SEATTLE -- In a somewhat surprising development, Teoscar Hernández did not receive a qualifying offer from the Mariners ahead of Monday’s 2 p.m. PT deadline for clubs to extend the one-year, $20.325 million deal for 2024.
That makes Hernández a free agent and leaves the Mariners with a hole in right field and in the middle of their lineup.
Hernández had appeared to be a likely candidate to receive a qualifying offer (QO) -- the one-year pact worth the mean salary of MLB's 125 highest-paid players from the year prior -- based on the short-term commitment and the Mariners’ notable needs for offense this winter. And had he declined it, Seattle would’ve received Draft pick compensation, a commodity its front office values greatly.
The Draft pick element makes Monday’s development something of a surprise, given that Hernández would be more likely to decline and pursue a more lucrative, long-term deal on a bleak free-agent market for hitters, where he’ll be among the best available sluggers.
Yet, there certainly would’ve been risk in committing such a high price to a player who has been prone to significant peaks and valleys -- perhaps at a rate well above market value. The QO would’ve made Hernández Seattle’s third-highest paid player for 2024, behind Luis Castillo ($24.15 million) and Robbie Ray ($23 million).
The 31-year-old earned $14 million last year in his final season of arbitration eligibility, and this represents his first foray into free agency.
“It’s something new. I don’t know what to expect,” Hernández said of free agency last month. “But I’m going to try and enjoy it. … Now that I’m a free agent, I’m trying to go somewhere where I feel comfortable and where my family feels comfortable. I’m the player, but this is not only about me. I have to think about my family, my kids.”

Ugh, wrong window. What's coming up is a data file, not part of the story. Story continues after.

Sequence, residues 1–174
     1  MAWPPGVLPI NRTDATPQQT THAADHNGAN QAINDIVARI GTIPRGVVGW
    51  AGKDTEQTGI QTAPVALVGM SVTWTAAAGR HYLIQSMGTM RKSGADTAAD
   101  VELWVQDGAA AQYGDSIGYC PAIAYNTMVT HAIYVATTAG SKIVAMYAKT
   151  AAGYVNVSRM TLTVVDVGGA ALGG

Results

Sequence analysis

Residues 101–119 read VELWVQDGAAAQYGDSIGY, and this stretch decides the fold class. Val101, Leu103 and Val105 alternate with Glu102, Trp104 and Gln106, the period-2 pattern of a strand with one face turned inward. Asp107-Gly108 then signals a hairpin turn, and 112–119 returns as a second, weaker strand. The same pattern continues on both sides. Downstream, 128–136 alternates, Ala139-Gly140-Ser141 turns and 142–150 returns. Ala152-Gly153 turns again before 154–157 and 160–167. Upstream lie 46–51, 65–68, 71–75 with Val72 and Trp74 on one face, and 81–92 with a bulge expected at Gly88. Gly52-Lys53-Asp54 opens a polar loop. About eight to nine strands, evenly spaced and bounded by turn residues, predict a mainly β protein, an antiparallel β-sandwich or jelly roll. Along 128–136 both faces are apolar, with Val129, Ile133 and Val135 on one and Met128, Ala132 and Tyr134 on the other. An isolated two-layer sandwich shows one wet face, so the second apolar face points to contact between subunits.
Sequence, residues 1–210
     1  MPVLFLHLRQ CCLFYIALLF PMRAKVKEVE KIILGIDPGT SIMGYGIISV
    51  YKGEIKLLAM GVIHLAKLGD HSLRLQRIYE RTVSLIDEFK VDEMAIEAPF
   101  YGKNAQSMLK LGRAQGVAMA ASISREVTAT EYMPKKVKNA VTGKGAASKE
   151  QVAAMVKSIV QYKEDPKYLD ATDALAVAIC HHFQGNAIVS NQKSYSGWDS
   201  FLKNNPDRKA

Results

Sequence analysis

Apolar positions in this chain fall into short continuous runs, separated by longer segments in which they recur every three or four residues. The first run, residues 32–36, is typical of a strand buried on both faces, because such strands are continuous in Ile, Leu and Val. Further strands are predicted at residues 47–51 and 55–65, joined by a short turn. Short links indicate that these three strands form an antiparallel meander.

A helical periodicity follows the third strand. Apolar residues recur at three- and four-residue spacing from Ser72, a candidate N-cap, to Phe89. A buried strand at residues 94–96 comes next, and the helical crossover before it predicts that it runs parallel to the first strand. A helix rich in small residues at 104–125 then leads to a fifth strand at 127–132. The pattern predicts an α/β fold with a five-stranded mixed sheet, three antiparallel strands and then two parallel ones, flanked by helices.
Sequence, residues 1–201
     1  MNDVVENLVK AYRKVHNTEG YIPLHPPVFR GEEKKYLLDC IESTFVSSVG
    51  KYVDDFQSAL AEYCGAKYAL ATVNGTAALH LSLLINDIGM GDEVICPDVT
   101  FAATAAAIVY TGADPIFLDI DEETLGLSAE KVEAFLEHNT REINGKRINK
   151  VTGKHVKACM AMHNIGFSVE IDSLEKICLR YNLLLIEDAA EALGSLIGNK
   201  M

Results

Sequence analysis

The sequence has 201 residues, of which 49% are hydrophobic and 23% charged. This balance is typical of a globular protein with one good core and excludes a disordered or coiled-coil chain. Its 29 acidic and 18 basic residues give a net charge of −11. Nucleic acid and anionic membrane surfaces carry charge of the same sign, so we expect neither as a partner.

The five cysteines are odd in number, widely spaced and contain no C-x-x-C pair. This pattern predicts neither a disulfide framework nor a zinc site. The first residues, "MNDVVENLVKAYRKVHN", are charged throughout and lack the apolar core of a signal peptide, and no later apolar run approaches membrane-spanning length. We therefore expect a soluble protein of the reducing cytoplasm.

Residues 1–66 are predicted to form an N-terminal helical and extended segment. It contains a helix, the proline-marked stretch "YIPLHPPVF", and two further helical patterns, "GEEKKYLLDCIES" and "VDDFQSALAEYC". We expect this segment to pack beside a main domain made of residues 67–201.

By not extending the QO to Hernández, the Mariners are now positioned to allocate that money towards the rest of their offseason budget, and it is possible that the club explores a longer-term deal at an average annual value lower than the QO. It’s also possible that the Mariners will instead seek a more consistent bat to help alleviate their strikeout challenges from last season.
Hernández’s first season in Seattle was productive but not at the caliber he experienced during parts of six seasons in Toronto.
His .741 OPS and 106 OPS+ (league average is 100) were among the lowest of his career for any of his full seasons played, including the COVID-impacted 2020, and his 31.1% strikeout rate was highest on the team and fifth-highest in MLB among 133 qualified hitters. Moreover, his home and road splits were stark, with a slash line of .217/.263/.380 (.643 OPS) at T-Mobile Park and .295/.344/.486 (.830 OPS) in away games.
Seven players received the QO on Monday -- the Cubs’ Cody Bellinger, the Angels’ Shohei Ohtani, the Twins’ Sonny Gray, the Phillies’ Aaron Nola, the Padres’ Blake Snell and Josh Hader and the Blue Jays’ Matt Chapman -- and they have until 1 p.m. PT on Nov. 14 to accept.
Their decisions could also impact the Mariners’ offseason, given that Ohtani, Bellinger, Chapman and, to a lesser extent, Snell, could all be among the club’s free-agent targets. Any team that signs a player who has rejected a qualifying offer is subject to a loss of one or more Draft picks. In the Mariners’ case, because they are a team that receives revenue sharing, if they signed one of those players, they’d forfeit their third-highest selection in next year’s Draft, and if they signed two, they’d also forfeit their fourth-highest remaining pick.
There are obvious downsides to signing such players, but it shouldn’t preclude the Mariners from doing so for the right fit -- Ray being the most recent example ahead of signing a five-year, $115 million deal in 2021 after turning down a QO from Toronto.